Certain creatures can attempt to possess characters, taking over the character‚s body entirely. First, when a creature attempts to possess someone, he must make a Possession check against the defending character‚s Will. The creature‚s entry will detail what the creature‚s bonus to this check is, as well as other details (such as maximum range of the possession ability).
If the possession check beats the character‚s Minimum Will, he takes a morale penalty (untyped damage).
If the possession check beats the character‚s Will, the character is possessed. Now the defender and possessor have equal control over the character‚s actions. On their respective turns, they can direct the character‚s body to act. However, the body can‚t act for more than six seconds per turn, which could be three seconds each from the possessing creature and the possessed character, six seconds from one and none from another, or any combination thereof. Whoever is currently controlling the character uses their own skill bonuses and techniques, their own mental ability scores (intelligence and spirit) but the possessed character‚s strength, endurance, and dexterity. Acting characters can use only their own combos and cast only spells that they know.
Either of the actors involved can attempt to veto the other‚s turn. To do so, make an opposed Will Check (1d6+Will). If the acting character wins, he has control for the turn and the vetoing character takes a morale penalty. If the vetoing character wins, the acting character‚s turn is skipped. In cases of a tie, roll again. A character with zero Will cannot attempt to veto.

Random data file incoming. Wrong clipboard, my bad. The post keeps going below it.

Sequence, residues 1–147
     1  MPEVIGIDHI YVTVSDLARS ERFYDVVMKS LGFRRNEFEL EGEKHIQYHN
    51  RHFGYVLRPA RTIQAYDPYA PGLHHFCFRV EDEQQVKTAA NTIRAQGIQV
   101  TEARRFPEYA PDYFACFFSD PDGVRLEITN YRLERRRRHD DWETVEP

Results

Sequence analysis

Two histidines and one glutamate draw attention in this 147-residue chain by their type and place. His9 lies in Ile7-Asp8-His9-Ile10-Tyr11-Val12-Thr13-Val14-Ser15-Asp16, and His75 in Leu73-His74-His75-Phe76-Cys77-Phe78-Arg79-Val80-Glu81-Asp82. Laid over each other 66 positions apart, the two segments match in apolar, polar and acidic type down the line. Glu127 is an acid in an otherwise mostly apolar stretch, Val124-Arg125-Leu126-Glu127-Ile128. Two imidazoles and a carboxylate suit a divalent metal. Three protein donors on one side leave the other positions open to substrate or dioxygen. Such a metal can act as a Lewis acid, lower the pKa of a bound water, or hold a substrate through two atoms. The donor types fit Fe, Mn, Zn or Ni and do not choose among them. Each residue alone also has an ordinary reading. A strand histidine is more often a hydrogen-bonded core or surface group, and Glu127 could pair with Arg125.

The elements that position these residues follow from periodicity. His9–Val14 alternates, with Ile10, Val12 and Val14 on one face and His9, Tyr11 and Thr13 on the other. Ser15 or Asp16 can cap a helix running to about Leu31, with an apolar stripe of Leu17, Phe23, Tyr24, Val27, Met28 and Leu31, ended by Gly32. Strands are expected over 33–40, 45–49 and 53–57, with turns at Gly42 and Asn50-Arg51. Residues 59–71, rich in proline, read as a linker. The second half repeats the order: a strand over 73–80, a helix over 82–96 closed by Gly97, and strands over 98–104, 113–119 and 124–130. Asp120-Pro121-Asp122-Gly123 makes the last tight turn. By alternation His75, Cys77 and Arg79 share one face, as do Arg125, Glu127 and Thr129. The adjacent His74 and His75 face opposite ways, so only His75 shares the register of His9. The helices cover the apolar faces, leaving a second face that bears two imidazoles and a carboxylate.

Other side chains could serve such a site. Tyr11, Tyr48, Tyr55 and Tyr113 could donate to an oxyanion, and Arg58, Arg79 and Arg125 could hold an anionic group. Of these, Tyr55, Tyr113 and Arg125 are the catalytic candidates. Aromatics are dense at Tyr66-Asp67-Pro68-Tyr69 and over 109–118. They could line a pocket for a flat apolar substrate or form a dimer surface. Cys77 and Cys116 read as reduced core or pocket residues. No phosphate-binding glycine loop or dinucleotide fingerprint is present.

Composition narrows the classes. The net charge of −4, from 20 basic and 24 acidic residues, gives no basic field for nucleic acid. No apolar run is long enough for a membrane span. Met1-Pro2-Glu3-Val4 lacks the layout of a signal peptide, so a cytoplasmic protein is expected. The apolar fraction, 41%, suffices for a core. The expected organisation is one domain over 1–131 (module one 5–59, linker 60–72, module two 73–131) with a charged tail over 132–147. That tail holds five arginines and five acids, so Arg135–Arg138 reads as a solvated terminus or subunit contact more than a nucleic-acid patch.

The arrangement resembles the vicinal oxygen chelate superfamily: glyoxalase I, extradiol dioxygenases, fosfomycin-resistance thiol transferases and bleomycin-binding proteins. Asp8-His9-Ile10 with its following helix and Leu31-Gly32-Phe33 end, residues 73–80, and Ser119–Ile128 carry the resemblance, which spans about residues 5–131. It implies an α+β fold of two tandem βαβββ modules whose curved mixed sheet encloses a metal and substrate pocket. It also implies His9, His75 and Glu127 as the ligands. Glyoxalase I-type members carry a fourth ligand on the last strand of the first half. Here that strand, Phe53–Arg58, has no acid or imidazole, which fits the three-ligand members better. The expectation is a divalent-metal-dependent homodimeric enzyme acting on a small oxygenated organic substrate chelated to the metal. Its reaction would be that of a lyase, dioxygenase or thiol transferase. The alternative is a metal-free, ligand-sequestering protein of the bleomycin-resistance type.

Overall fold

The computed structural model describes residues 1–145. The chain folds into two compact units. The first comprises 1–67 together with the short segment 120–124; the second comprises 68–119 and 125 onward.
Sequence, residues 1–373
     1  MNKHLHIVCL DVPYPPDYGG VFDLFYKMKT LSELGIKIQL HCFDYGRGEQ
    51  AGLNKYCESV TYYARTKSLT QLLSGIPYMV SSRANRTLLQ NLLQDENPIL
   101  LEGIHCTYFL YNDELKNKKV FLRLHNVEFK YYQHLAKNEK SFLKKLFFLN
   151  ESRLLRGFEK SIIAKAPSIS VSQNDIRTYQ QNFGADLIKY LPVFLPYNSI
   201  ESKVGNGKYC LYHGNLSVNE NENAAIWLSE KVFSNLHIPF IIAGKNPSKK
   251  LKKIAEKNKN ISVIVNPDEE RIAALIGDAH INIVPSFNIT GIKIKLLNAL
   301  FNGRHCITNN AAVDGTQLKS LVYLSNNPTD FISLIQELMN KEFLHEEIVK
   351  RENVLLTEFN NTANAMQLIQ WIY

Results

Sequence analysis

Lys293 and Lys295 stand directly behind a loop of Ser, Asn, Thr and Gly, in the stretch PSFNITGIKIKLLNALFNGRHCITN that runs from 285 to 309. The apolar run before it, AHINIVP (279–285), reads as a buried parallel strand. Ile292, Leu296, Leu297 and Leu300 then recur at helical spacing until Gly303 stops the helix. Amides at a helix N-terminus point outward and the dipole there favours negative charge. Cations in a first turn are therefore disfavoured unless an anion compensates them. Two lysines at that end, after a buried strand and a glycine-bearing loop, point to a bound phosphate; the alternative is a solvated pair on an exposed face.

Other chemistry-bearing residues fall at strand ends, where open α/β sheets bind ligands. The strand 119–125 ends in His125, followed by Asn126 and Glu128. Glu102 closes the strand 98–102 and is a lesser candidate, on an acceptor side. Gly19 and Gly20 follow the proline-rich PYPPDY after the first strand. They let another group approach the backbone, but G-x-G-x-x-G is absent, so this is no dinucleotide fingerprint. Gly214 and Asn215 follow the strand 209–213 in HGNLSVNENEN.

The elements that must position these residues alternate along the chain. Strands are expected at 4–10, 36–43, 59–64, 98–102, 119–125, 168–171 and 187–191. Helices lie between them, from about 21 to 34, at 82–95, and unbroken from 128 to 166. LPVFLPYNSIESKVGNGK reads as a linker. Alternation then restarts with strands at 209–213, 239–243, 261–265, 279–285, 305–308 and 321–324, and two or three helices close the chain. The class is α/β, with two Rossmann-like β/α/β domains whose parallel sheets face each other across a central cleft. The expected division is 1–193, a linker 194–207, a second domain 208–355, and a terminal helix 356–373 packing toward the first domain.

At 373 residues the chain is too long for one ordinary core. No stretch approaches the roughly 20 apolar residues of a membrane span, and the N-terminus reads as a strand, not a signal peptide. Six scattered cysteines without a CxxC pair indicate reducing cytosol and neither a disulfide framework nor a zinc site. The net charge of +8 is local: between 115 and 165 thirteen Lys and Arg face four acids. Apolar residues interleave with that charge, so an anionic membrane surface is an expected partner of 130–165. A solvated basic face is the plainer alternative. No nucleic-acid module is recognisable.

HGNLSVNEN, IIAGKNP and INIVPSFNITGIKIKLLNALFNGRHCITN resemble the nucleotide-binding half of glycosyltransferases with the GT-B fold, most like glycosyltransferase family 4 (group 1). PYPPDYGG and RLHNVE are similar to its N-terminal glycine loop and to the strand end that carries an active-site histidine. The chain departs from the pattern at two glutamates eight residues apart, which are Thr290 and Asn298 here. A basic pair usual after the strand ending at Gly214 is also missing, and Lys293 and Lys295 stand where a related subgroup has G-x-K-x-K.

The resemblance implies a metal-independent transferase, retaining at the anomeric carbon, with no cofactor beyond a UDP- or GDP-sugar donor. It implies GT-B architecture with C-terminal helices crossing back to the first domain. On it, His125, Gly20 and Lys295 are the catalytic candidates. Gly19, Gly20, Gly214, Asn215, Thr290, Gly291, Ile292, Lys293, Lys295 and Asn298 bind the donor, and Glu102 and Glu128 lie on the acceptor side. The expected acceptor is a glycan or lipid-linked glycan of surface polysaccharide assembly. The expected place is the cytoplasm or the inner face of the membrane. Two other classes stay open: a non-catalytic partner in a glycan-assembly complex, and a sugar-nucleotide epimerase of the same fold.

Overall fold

In this example, the fell demon Bal-Ziggaroth attempts to posses the hero Jack Clancy. First Bal-Ziggaroth makes a Possess check (his bonus is +4) against Jack‚s Will (9/3). Bal-Ziggaroth rolls a 6, meaning his total Posses check result is 10, so he succeeds. Jack is now possessed.
Bal-Ziggaroth acts before Jack in the initiative count, and decides to use Jack‚s body to shoot one of his comrades. Jack, wanting none of this, decides to veto Bal-Ziggaroth‚s turn (risking a morale penalty in the process). Each makes a Will check (1d6+Will). Jack‚s Will is only 8, while Bal-Ziggaroth‚s Will is 11. In the end, Jack only got 12, while Bal-Ziggaroth got 14. Jack fails his veto, takes a morale penalty (dropping his Will to 7/2), Bal-Ziggaroth is able to control Jack‚s body for his turn. Bal-Ziggaroth shoots Jack‚s friend using one of the demon‚s own combos (taking four seconds) and takes no actions for the remaining two. On Jack‚s turn, he has two seconds to use (which Bal-Ziggaroth can attempt to veto).